In ancient Ireland there were patches of grass called ‘Hungry Grass’ that leapt up off the ground to swallow you whole, digest you down and spit you out like a …
Actually, er … No, wait .. Hang on.
Hungry Grass was actually a patch of grass that was completely indistinguishable from other sections of grass but if you stood on it you were immediately overtaken by a great hunger or weariness.
And, there was A REAL RISK you might swoon to your death.
There you go. That’s much more credible.
As you can see, there’s a fair amount of shite spinning out there on the internet with respect to ‘hungry grass.’ The Celternet, as usual, has delivered some fascinating hypotheses. Read through many of the Celtic “information” websites and you’ll learn that ‘hungry grass’ was, in fact, caused by fairies (the Little People!) or leprechaun spirits (Dun-dun-dun!).
The Wikipedia entries on ‘hungry grass’ and ‘féar gorta’ are also hilariously bad and use some pretty nefarious links as references. Yet another site – my favourite – describes with great cultural authority how Hungry Hill (a mountain in Beara, West Cork, get its name due to the belief of local peasants that “many patches of Féar Gortha grew on it.” To anyone from Beara, this is, of course, not only remarkably stupid but a bit insulting.
[Note: The Irish – and real – name of the mountain is Cnoc Daod and is more likely related to the changeable weather around the summit].
The problem of course, is that most of the Celternet bloggers usually copy verbatim from outdated sources such as books by 18th and 19th century authors like William Carleton (a writer in the vein of W.B. Yeats who wrote somewhat disparagingly about jolly Irish peasants and their foolish cultural beliefs). The internet, being what it is of course, means that these errors are continuously being reproduced.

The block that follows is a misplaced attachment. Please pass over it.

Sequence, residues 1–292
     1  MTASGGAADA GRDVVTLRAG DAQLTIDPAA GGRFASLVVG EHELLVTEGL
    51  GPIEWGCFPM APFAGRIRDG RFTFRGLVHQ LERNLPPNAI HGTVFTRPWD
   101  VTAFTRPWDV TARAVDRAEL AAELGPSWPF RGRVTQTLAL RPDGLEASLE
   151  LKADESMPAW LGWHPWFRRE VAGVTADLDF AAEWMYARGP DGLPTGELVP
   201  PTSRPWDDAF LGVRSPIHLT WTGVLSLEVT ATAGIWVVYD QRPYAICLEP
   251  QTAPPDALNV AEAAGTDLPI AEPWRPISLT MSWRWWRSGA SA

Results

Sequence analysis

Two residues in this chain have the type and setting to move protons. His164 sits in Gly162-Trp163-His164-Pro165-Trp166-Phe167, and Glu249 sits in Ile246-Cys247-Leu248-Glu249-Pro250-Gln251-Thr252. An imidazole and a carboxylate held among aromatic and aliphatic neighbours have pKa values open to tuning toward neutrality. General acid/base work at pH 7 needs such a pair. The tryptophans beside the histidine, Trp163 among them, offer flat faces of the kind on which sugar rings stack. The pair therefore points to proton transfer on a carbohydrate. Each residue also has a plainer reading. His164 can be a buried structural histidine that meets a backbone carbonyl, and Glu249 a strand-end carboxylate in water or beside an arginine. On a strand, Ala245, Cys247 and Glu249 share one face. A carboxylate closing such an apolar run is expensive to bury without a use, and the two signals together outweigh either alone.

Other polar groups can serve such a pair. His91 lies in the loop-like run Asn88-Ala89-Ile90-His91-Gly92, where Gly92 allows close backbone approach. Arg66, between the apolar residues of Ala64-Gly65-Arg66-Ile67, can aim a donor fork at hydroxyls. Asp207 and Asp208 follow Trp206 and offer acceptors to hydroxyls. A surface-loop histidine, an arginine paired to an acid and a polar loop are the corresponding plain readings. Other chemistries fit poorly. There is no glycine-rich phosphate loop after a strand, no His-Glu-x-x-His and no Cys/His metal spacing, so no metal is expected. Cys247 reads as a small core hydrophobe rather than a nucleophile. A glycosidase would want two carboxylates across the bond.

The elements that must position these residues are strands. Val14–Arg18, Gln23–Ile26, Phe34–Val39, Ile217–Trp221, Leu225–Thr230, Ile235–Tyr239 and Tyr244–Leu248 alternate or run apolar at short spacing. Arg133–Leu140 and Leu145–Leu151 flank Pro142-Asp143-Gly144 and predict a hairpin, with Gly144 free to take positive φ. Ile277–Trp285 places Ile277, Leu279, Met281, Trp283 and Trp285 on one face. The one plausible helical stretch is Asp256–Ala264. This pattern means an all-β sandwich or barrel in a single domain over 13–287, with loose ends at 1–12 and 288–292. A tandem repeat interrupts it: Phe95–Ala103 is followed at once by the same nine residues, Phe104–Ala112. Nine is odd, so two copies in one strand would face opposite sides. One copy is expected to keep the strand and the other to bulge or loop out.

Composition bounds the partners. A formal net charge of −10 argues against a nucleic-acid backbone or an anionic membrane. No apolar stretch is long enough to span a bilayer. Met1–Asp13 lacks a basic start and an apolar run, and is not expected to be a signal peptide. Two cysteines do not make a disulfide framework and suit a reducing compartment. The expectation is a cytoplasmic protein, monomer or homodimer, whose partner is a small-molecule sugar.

Today, given the amount of grass in Ireland, the whole concept of ‘hungry grass’ would be a bit alarming if people still believed in it. One or two hundred years ago, when scientific reasoning wasn’t particularly widespread however, it was probably a fair attempt at rationalising the unexplained deaths or episodes of fainting that would occur from time to time. The psychological impact of An Gorta Mór (the Great Famine), would also have remained very strongly in the minds of those people living after the 1850s. This is why, in most variations of the ‘hungry grass’ folklore, the effects are attributed to a person stepping on the grave or burial plot of a victim from An Gorta Mór. It’s also why (probably) the Irish term is ‘féar gorta’ which may be more accurately translated as ‘famine grass’ rather than ‘hungry grass’.
Although the superstition of ‘hungry grass’ is pretty much outdated nowadays, it’s still quite a curious concept that seems very specific to Ireland and has a lot of narrative appeal. That’s pretty much why I ended up using the concept as a minor plot device in Beara Dark Legends (where the protagonist has the supernatural power of being able to detect where dead people are buried). In that book, the protagonist is an archaeologist/historian and his success at finding ancient historical sites and bodies is very much based on that ability.
In hindsight, I suppose I’d probably have been better off making the character a mortician or a police pathologist although, to be honest, that wasn’t really my area of interest. And, besides, from Quincy to Crossing Jordan to Silent Witness and so on, that morbid area of entertainment already seems to have been adequately catered for.
It does beg the question however – how cool would it be to have a television series about an Irish pathologist? You could really have fun with that.